It is not easy to do what Nikki Burch does. It may look easy to some cartoonists but a lot of them simply are not cut out for this particular dance with death, mayhem and destruction. Julie Doucet is one of the best for this kind of underground comix. I think a lot of it has to do with attitude, along with the required skill of course. Even those artists who seem to have what it takes, don’t necessarily need to be out there attempting to be provocative. Burch rings true with her characters and observations.
Whatever your feelings are for R. Crumb, in the end, I believe most, if not all, people who care about this sort of thing would say the man is authentic. I say the same for Burch. She is no R. Crumb. Not yet, anyway. But she has that kind of uninhibited energy of the young Crumb. She has chosen to lay it all out there, whatever the id might be obsessing over. And what do we, as humans, tend to think a lot about? Well, there’s our own lot in life, our insecurities and prejudices and lots of sex too. In the context of raw comedic social commentary, all of that and more is served up with a healthy dose of nihilism and anarchy. The jokes can be as simple as hell, just as long as they don’t come off as forced.
For example: Burch offers for your pleasure a depiction of a couple who are not exactly stellar, more like dregs scraped off the bottom of a barrel. To add to that picture, the two of them are oddly placed together. They are walking, or bumbling, along and it looks like the guy’s foot is kicking his sweetie in the gut. He says, “Man, I fuckin hate kids!” Her response, “I agree, let’s never have any.” In the background, a cat sits on a trash can and barfs. Ah, a perfect moment.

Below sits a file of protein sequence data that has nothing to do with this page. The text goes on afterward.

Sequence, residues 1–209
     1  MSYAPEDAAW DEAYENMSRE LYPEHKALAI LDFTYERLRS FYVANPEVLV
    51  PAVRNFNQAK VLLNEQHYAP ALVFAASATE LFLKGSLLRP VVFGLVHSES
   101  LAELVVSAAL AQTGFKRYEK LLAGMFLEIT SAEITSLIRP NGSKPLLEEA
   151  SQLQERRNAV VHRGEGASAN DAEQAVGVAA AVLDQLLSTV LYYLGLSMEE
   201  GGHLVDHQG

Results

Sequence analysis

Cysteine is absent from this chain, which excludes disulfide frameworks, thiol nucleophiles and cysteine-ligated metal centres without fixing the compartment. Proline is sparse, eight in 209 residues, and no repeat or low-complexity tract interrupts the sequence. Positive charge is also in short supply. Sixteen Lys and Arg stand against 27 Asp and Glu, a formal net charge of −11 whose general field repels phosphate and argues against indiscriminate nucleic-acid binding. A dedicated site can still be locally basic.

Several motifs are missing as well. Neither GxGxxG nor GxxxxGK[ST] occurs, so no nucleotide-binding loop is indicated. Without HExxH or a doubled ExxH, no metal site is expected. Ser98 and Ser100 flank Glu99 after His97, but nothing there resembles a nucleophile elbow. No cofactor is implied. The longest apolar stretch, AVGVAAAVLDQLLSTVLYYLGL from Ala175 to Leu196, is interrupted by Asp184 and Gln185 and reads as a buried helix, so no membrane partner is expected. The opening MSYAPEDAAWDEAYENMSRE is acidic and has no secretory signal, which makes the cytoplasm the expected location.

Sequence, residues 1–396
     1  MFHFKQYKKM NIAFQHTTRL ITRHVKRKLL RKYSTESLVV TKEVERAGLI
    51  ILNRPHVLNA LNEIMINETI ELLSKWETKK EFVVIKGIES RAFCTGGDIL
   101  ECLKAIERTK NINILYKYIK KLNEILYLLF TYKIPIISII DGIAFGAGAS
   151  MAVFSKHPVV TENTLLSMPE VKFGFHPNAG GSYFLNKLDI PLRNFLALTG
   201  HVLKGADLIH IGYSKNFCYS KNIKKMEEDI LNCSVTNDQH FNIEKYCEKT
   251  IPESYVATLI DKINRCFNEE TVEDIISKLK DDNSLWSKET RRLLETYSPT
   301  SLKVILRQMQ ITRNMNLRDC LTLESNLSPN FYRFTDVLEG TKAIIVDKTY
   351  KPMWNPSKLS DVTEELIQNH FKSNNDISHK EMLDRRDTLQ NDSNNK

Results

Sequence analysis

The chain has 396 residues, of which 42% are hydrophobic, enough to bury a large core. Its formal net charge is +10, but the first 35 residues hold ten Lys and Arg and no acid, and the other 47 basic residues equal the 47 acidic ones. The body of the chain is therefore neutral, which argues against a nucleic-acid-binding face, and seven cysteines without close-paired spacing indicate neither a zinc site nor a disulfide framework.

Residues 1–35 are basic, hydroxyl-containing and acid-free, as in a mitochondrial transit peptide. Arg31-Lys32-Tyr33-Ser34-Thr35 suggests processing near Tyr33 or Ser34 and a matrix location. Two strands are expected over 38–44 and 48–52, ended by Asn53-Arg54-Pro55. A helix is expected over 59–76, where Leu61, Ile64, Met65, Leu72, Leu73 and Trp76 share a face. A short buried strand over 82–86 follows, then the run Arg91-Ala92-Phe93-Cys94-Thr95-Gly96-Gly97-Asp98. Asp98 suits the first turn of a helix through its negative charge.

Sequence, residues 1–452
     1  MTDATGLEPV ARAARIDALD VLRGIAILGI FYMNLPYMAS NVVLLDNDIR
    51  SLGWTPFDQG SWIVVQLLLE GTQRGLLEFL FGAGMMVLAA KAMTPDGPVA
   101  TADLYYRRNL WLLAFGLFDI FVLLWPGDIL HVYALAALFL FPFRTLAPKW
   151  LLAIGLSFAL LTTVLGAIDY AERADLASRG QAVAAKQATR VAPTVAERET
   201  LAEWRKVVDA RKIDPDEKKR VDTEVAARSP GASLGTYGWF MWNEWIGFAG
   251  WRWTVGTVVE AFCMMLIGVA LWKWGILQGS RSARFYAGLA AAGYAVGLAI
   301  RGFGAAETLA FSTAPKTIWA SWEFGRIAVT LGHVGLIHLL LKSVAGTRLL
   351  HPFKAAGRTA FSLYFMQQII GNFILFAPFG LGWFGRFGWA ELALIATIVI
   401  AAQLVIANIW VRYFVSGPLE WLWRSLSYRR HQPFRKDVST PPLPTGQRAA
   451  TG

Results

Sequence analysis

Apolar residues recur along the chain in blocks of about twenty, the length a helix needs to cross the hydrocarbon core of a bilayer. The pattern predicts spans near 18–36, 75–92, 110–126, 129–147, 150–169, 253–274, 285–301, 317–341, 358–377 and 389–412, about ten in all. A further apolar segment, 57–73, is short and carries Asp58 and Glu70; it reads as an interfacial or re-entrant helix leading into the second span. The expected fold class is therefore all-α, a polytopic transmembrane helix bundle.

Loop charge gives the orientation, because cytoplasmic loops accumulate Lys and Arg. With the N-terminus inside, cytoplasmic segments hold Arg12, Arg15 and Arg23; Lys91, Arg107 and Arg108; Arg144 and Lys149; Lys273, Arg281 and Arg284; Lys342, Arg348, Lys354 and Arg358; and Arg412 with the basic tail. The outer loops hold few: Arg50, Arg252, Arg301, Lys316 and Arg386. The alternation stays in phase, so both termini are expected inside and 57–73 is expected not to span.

Or how about this three pager: “The Owl and the Pussycat Run Out of Gas, in a Rusted-out Pea-green Sedan.” In this one, the owl must admit that he hitched his wagon to the wrong mate. The intense use of texture, the dark and wacky characters, the overall dry wit all add up to some fun.
“Sandwich Animal” is an impressive two pager with its brutal cut to the chase and then death. A cat is ostensibly out on a nature walk. “Oh, look at the pretty flowers.” But, all along, he’s there to kill and devour some newborn chicks. Unlike Slyvester, these chicks won’t be outsmarting him at the very last second.
Nikki Burch joins those subversive artists, like Bwana Spoons, who get it right: they don’t try too hard, they have a lot of heart and talent and know what they’re about. That’s the best way to explain such Burch cartoons as a portrait of the suicide of Boris Nevergoodenov. He never was going to kill that moose or squirrel so he may as well kill himself. You really have to be secure in your own self and work to pull that one off. I believe Burch has succeeded nicely. You can check out other Burch delights at her site and contact her about ordering this 44 page gem.
One response to “Review: These Are My Jokes by Nikki Burch”
This sounds so right for me. Thank you thank you thank you for helping me get my hands on what sounds perfection.